Operation of the device of the present invention will be described further with reference to FIG. 5. Tornadoes emit very low frequency sound that is referred to as infrasound; specifically this frequency is about one hertz. Tornadoes also emit very high frequency radio frequency electromagnetic waves having the frequency of about 53.25 megahertz. This embodiment of the present invention detects both very low frequency sounds, about one hertz, and very high frequency radio frequency electromagnetic waves, about 53.25 megahertz, both of which are associated with tornadoes. This embodiment of the invention alarms when the predetermined number of infrasound oscillations has been counted or when infrasound emissions and very high frequency radio frequency electromagnetic emissions are simultaneously detected.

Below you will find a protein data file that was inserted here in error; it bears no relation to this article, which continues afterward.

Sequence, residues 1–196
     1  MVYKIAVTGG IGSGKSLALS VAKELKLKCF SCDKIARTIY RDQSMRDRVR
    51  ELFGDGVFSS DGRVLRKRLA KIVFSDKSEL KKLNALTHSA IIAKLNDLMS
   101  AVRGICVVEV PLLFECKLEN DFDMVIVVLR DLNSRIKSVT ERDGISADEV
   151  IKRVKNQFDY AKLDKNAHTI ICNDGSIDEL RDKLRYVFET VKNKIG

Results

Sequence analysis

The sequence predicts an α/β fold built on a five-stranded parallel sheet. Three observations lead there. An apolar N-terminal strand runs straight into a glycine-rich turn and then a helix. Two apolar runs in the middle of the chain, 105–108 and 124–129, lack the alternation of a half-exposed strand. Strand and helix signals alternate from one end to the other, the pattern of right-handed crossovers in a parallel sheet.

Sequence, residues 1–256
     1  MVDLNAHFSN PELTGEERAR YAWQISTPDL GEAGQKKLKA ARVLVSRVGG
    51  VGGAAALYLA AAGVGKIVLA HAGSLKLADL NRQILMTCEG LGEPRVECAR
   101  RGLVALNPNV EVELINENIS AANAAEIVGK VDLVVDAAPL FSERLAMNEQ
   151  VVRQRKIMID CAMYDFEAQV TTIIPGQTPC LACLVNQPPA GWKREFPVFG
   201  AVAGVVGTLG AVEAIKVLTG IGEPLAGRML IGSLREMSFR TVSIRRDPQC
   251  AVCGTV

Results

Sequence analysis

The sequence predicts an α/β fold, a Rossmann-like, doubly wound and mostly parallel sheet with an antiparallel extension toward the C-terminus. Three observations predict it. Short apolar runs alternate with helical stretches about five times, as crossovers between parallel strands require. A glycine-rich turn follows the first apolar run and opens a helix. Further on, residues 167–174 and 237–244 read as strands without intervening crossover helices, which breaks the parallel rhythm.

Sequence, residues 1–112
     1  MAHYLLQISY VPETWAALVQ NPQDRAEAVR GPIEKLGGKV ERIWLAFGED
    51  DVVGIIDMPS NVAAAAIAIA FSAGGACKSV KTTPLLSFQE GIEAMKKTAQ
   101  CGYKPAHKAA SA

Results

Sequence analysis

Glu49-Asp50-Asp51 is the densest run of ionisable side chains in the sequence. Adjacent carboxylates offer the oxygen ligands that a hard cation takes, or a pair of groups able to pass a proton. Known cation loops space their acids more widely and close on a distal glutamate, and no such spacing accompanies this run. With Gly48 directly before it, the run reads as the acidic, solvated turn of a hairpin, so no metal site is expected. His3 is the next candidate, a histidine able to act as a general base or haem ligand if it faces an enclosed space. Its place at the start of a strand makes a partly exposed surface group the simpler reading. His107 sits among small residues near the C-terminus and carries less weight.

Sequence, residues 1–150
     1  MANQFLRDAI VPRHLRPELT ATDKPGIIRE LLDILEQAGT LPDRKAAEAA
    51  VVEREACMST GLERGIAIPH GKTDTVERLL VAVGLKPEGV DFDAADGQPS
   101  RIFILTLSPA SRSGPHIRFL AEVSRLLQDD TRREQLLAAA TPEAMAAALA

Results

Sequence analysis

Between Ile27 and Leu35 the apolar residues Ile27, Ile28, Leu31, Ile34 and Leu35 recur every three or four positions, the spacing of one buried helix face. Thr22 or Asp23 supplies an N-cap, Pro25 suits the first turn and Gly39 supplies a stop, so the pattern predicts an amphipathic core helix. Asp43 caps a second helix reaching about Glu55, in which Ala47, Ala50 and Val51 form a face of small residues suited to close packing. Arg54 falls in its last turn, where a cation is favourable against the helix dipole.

As indicated in FIG. 5, infrasound is detected by infrasound sensor circuit 30 capable of sensing the presence of sound having the frequency of about one hertz and generating the sound sense signal in response thereto. Amplifier circuit 40 responsive to the sound sense signal, for amplifying sound sense signals so that the amplified sound sense signal may be more readily filtered and timed. Filter circuit 50 responsive to the amplified sound sense signal for filtering the amplified sound sense signal by attenuating wave components having frequencies greater than those which correspond to sound having the frequency of about one hertz and by attenuating wave components having frequencies less than those which correspond to sound having the frequency of about one hertz. The filtered sound sense signal is sinusoidal in shape and modifying the shape of the filtered sound sense signal more readily allows counting the number of filtered sound sense signal cycles which is directly related to the number of infrasound pulses sensed and to the duration of the sound sense signal. Timer circuit 140 is responsive to the filtered sound sense signal for timing the duration of the sound sense signal and providing the timed sound sense signal. Timer circuit 140 including counter circuit 70 responsive to clipper circuit 60 in the present example. Clipper circuit 60 responsive to the filtered sound sense signal, clips the peaks and valleys of the filtered sound sense signal which is sinusoidal in shape thus providing the squared sound sense signal that is approximately square wave shaped. The squared sound sense signal having sharp squared edges that can be used to increment counter circuit 70 which counts the number of cycles of the squared sound sense signal and provides the timed sound sense signal when the predetermined count is reached which in this example is 64. Very high frequency radio frequency detector circuit 130 is tuned to detect radio frequency electromagnetic waves having the frequency of about 53.25 megahertz and provide the radio frequency detection signal. Analyzer circuit 120 responsive to the radio frequency detection signal integrates the signal to provide the analyzed radio frequency signal. Tornadoes emit nearly continuous radio frequency electromagnetic waves, the analyzer determines whether the radio frequency detection signal has the continuous pattern that is tornado-like in nature. Trigger circuit 80 is activated in the event of two conditions, the first condition being when the predetermined number of squared sound sense signal cycles have been counted, which in this example is 64, and the second condition being the simultaneous sensing of filtered sound sense signal and analyzed radio frequency signal. When trigger circuit 80 is activated the trigger signal is sent to latch 91 which enables the latch signal to be sent to audio alarm 101 thus generating the alarm signal.